Composing a Better Photo

Composing a Better Photo


Composing a Better Photo

Picture your favorite family photo.  Is it the one you took back in Hawaii?  How about the one while skiing in the Colorado Rockies?  Perhaps you were scuba diving near the Florida Keys?  The point is, in your eyes, this photo is perfect!  You have the beach to the left, the family to the right.  It’s all smiles, but is the photo having this same effect on your viewers?  If not, you might benefit from knowing a few simple rules of photography composition.  These basics are the key to producing unique and beautiful photos that stimulate the viewer’s eyes and somehow capture the viewer’s attention:


Fundamental 1: Remove clutter and focus.

 Fundamental 1


One of the first rules of any good photo is to remove any unnecessary objects or people.  Make it your favorite family photo at the beach, not your favorite family photo at the beach near the dumpsters.  Having a slightly critical eye can make your photos sharper.  Some things to eliminate in your background include electrical wiring, litter, distracting people, poles, and streetlights.  If you find these, one technique you can try is zooming in on the subject to crop or eliminate the glare of these off-putting items.  Too late, you already did it?  A second option is Photoshop.  Years ago my family had a group photo done, but there was a basketball court to the right.  A little Photoshop work later to replace the court with trees, and even today it looks like another peaceful family day in the woods!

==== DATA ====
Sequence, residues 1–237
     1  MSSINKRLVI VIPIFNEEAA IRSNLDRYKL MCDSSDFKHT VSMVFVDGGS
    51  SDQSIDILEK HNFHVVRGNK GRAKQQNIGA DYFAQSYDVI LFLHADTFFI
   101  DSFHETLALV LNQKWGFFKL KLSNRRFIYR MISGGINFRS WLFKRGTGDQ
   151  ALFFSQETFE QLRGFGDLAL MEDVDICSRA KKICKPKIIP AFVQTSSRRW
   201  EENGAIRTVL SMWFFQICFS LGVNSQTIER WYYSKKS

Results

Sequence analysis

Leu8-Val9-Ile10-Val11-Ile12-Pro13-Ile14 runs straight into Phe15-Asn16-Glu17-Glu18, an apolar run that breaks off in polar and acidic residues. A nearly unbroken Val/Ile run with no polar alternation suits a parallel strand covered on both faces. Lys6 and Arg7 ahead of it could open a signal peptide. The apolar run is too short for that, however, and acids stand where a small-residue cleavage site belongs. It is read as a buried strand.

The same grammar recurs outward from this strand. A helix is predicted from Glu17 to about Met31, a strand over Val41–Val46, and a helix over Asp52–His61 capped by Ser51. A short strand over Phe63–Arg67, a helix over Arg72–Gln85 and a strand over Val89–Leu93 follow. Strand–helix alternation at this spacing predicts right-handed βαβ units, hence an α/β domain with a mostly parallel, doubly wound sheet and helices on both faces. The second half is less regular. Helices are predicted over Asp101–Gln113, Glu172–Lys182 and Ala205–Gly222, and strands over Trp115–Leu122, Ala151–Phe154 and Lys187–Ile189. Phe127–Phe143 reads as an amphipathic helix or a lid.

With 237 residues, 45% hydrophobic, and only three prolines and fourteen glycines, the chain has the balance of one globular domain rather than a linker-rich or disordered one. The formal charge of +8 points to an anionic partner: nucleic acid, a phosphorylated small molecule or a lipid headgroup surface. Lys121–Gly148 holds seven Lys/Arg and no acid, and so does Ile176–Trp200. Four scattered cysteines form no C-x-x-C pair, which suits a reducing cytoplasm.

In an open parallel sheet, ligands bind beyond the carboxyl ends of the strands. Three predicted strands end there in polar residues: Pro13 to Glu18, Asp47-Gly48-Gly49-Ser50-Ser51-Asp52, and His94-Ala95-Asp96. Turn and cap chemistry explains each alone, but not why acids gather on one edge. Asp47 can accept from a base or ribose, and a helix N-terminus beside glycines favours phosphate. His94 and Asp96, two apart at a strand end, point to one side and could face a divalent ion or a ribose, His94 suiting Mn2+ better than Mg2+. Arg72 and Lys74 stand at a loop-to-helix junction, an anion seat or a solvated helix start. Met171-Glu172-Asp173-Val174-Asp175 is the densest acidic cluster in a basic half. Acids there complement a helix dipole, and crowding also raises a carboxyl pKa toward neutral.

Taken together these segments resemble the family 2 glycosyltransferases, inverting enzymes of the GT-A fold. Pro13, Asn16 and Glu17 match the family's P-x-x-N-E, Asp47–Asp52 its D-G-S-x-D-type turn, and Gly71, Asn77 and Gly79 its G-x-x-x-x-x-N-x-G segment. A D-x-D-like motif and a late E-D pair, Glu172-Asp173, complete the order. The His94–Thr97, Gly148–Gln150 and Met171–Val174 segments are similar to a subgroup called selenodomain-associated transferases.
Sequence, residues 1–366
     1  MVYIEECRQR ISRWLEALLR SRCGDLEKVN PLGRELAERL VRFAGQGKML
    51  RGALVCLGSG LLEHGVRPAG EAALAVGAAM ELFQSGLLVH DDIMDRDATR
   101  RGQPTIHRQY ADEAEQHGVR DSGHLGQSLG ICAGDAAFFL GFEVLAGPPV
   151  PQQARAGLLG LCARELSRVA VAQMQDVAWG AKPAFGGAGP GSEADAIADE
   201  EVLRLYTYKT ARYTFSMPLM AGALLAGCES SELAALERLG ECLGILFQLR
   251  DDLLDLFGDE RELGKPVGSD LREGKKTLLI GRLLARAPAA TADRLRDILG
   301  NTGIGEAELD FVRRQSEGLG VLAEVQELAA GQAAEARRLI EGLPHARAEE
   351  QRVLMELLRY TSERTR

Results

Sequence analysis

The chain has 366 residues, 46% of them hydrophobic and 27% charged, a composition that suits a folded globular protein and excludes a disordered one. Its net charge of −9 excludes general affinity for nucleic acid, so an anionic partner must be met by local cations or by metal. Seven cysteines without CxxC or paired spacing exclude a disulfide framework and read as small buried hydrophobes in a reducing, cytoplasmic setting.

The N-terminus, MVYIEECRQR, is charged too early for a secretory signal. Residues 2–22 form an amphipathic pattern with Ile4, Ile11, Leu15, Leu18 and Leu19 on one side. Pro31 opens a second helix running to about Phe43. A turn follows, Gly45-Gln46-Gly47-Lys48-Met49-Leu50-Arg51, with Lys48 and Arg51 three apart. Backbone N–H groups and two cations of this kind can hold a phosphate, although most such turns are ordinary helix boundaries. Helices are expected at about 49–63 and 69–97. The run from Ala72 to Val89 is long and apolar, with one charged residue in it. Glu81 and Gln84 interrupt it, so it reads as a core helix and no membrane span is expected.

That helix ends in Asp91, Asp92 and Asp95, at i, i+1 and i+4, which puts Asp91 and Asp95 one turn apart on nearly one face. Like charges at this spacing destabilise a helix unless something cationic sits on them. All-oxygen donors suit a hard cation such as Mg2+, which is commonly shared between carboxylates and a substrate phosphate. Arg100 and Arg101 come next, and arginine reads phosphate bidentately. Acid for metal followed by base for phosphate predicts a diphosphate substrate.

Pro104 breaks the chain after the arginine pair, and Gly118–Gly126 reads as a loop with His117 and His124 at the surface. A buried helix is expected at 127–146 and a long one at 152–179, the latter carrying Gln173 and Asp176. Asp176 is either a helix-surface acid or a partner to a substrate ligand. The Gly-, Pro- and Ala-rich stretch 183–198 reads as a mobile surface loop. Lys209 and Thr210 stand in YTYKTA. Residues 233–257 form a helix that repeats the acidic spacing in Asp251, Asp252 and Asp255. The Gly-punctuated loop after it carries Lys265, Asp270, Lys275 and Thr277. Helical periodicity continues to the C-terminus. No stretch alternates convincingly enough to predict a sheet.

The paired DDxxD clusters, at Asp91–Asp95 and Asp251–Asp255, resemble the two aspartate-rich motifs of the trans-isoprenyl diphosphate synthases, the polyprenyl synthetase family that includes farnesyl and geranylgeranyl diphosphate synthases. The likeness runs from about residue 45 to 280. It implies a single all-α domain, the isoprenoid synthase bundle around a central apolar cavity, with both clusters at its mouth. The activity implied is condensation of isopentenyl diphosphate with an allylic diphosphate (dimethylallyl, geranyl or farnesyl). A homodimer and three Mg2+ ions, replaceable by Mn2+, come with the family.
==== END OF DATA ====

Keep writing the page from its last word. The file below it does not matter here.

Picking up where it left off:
Fundamental 2:  Consider an off-centered pose.

 Fundamental 2



Many photographers are familiar with the famous rule of thirds.  Perhaps, the best way to describe this is by thinking of tic-tac-toe. You imagine 2 horizontal lines and 2 vertical lines over your frame of reference, creating 9 boxes. Then you place your subject on one of the four crossbars where the vertical and horizontal lines intersect.  In doing this you keep your subject off center and allow for more of the background to play a key role in the story.  This immediately makes your photo more interesting and compelling.  In fact, I challenge you to go and find some of your favorite professional photography; you just may discover it’s off centered.


Fundamental 3: Utilize the corners.

 Fundamental 3


Another technique in photography is forcing the movement of the viewer’s eye.  Allowing flowing water, for example, to flow out of the corner rather than the center, creates a more interesting center of interest.  Similarly, imagine a cross walk with the lines going out to the corners.  Diagonal lines in photos tend to imply movement.  These corner elements of composition become significantly more interesting than the bland horizontal view.



Since the holidays are coming once again, it may be time to dust off the old family photo and take a new one.  If so, try to remember these few good rules of photography composition.  Move the torn wrapping paper out of the photo, try positioning your family off-center in the holiday cards, and keep the corner of your eye not just on the gifts, but on the corners of how your framing your photo!